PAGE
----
The webinar then transitioned to a cost-based analytics report called the “Company by Costs”, which gives users the ability to customize the analysis by selecting their own outside counsel fees.  The report provides users with an “Average Cost Per Patent” value by law firm, that users can use to benchmark outside counsel performance, and identify areas within the practice to reduce cost and practice more efficiently.

The “Gap Analysis” demonstration showed how easy it can be to compare the patent portfolios of two companies with the click of a button.  In-house counsel use this report to easily visualize two portfolios side by side and identify whitespaces and portfolio overlap.

The webinar then transitioned to how law firms can use the dashboard for law firm client development and new client business development.  Using the “Law Firm by Client” report, law firms can visualize all of their patent prosecution statistics for a given client to identify strengths and weaknesses that can be used to promote their firm’s services to their clients and to make modifications to their current practice to deliver better services.

For detailed analytics on the patent field, Harrity Patent Analytics makes available the Patent 300® Dashboard, the intellectual property industry’s premier resource for patent insights and competitive intelligence on the world’s leaders in technology.  It contains analytics on more than 6,000,000 patents, including patent portfolio analyses, detailed patent prosecution insights, technology area breakdowns, and portfolio cost and budget analytics.

About Harrity Patent Analytics

Harrity Patent Analytics, an analytical team within the boutique IP law firm of Harrity & Harrity, LLP, uses cutting-edge capabilities to analyze patent data and extract insights for clients to use when making strategic decisions regarding patent portfolios. Patent 300® companies rely on Harrity Patent Analytics services to understand their patent portfolios, the patent portfolios of their competitors, and patent office trends around the world. For more information, visit harrityllp.com/services/patent-analytics/.

Patent 300 Harrity Analytics

Harrity Patent Analytics Releases The 2021 Patent 300® List

HARRITY PATENT ANALYTICS RELEASES THE 2021 PATENT 300® LIST

List ranks top 300 companies, organizations, and universities in the patent field

WASHINGTON (January 15, 2021) – Harrity Patent Analytics today released the publication of its inaugural Patent 300® List.  The list ranks the top 300 companies, organizations and universities in the patent field based on the total number of U.S. utility patents.  The top 10 from the Patent 300® List includes:

  1. IBM (9435)
  2. Samsung (8539)
  3. LG Corporation (5112)
  4. Canon (3689)
  5. Intel (3284)
  6. Raytheon Technologies (3213)
  7. Huawei (3178)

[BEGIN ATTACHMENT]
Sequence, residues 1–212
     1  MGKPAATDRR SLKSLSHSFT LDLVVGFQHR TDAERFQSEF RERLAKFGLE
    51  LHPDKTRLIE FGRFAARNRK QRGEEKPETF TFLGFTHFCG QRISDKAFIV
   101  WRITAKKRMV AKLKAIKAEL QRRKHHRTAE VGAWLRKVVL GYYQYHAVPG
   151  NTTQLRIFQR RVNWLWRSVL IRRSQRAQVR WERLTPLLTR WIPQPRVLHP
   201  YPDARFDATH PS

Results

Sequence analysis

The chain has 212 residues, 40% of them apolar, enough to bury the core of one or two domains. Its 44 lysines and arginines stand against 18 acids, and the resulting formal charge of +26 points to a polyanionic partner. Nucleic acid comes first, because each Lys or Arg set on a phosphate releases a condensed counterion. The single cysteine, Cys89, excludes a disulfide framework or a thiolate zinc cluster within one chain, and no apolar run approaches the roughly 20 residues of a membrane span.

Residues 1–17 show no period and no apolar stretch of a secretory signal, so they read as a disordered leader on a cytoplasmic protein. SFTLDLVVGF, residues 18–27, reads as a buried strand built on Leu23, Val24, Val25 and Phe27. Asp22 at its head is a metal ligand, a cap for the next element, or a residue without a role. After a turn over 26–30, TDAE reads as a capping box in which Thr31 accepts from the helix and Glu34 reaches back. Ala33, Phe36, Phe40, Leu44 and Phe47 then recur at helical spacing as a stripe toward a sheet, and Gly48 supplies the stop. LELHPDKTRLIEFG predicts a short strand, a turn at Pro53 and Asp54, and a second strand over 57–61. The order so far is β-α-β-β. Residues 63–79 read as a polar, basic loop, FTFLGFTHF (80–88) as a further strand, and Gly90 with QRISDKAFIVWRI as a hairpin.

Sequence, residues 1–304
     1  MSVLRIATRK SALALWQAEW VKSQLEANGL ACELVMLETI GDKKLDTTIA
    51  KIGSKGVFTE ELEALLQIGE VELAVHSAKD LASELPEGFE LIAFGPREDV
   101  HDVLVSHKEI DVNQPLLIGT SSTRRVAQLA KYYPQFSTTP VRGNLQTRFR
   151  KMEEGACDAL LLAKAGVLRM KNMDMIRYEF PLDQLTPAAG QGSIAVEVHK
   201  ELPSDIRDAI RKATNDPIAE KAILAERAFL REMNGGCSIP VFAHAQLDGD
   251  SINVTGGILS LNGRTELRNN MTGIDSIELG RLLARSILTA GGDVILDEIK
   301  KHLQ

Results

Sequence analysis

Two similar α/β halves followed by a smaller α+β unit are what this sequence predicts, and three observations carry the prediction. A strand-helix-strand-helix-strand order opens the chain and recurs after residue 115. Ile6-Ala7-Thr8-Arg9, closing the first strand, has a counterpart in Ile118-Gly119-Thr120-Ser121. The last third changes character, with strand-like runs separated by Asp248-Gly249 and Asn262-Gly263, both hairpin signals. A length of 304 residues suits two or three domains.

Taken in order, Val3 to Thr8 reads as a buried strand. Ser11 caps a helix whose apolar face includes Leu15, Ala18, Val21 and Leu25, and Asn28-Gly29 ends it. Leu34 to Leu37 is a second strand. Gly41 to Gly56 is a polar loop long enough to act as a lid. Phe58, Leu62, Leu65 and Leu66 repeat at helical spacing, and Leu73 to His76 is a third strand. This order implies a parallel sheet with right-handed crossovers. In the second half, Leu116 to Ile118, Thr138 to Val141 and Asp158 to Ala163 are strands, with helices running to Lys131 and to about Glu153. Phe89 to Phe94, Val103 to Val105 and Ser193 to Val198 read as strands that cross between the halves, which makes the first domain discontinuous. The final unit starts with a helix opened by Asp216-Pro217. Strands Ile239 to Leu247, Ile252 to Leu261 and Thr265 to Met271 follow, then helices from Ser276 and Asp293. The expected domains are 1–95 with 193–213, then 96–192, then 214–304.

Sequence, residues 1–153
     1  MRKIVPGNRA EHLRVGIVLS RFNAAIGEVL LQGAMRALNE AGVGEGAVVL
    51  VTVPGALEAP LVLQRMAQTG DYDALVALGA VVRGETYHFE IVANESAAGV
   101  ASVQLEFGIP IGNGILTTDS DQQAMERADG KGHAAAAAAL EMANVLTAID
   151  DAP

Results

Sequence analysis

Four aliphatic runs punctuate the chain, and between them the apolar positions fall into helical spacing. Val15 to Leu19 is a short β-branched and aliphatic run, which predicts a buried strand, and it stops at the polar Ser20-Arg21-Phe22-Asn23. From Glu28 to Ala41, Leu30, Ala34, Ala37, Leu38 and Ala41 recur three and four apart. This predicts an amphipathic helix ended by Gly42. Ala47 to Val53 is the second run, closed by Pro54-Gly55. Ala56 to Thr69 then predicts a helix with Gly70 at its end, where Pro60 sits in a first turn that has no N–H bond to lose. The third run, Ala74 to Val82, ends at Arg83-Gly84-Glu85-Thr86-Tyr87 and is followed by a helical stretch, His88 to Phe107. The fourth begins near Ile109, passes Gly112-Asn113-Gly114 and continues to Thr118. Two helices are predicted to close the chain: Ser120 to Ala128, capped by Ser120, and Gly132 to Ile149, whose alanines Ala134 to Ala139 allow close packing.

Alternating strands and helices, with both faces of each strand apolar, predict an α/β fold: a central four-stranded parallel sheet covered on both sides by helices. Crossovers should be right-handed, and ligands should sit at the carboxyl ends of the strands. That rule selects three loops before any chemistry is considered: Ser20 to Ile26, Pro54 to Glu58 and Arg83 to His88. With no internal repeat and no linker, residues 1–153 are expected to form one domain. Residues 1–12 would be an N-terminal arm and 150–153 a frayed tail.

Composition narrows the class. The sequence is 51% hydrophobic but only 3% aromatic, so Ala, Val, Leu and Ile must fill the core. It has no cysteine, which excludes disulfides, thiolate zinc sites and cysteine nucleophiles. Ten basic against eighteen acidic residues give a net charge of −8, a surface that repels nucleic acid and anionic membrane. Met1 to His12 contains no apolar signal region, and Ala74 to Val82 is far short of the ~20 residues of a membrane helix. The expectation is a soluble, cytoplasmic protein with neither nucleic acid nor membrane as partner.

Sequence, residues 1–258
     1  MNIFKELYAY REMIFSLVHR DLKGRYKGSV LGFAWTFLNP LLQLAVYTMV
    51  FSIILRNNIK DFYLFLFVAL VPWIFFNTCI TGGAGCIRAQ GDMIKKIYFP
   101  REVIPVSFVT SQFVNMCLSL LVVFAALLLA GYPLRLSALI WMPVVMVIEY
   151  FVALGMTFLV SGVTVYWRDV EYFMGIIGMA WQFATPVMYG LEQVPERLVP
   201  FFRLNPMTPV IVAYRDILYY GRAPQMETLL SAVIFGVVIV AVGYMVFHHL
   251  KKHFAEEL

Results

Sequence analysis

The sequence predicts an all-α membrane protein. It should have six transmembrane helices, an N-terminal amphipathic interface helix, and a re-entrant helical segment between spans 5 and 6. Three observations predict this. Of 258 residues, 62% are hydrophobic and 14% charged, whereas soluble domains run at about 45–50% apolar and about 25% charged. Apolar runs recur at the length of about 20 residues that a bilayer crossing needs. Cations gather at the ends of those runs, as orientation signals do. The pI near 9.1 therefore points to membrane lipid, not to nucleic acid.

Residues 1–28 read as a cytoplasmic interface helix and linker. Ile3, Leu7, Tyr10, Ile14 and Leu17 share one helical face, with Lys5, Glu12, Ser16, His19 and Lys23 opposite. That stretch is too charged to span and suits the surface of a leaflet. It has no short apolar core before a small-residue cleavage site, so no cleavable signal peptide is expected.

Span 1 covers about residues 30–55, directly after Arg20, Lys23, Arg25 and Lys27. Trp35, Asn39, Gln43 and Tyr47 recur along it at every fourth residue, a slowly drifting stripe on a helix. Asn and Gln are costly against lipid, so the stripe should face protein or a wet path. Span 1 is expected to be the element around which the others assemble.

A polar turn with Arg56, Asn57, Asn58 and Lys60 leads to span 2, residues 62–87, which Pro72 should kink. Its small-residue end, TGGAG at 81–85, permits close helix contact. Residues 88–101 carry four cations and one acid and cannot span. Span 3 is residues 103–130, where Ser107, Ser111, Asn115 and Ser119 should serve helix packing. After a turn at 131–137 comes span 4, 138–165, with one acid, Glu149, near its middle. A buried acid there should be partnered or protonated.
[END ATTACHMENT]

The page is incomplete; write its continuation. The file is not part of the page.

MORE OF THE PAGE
8. Microsoft (2972)
  9. TSMC (2892)
  10. Sony (2886)

For detailed analytics on the Patent 300®, Harrity Patent Analytics makes available the Patent 300® Dashboard, the intellectual property industry’s premier resource for patent insights and competitive intelligence on the world’s leaders in technology.  It contains analytics on more than 6,000,000 patents, including patent portfolio analyses, detailed patent prosecution insights, technology area breakdowns, and portfolio cost and budget analytics.

The Patent 300® Dashboard provides in-house counsel, law firm partners, and c-suite executives with a detailed analysis of the world’s technology leaders, ranging from technology giants such as IBM (ranked #1) and Samsung (ranked #2), to leading universities such as MIT (ranked #106) and Johns Hopkins University (ranked #232), to newcomers including Palantir (ranked #248) and Techtronic Industries (ranked #278).  The list represents 54 percent of the more than 350,000 U.S. patents issued in 2020.

“The Patent 300® List identifies the global technology leaders obtaining patents in the United States,” said Rocky Berndsen, Head of Analytics for Harrity & Harrity. “The data contained in the Patent 300® Dashboard is invaluable information to companies, in-house counsel and law firms because it identifies the key players and summarizes what is happening today in the patent world.”

A ranking of the top 300 companies, organizations and universities can be found here.

About Harrity Patent Analytics

Harrity Patent Analytics, an analytical team within the boutique IP law firm of Harrity & Harrity, LLP, uses cutting-edge capabilities to analyze patent data and extract insights for clients to use when making strategic decisions regarding patent portfolios. Patent 300® companies rely on Harrity Patent Analytics services to understand their patent portfolios, the patent portfolios of their competitors, and patent office trends around the world. For more information, visit harrityllp.com/services/patent-analytics/.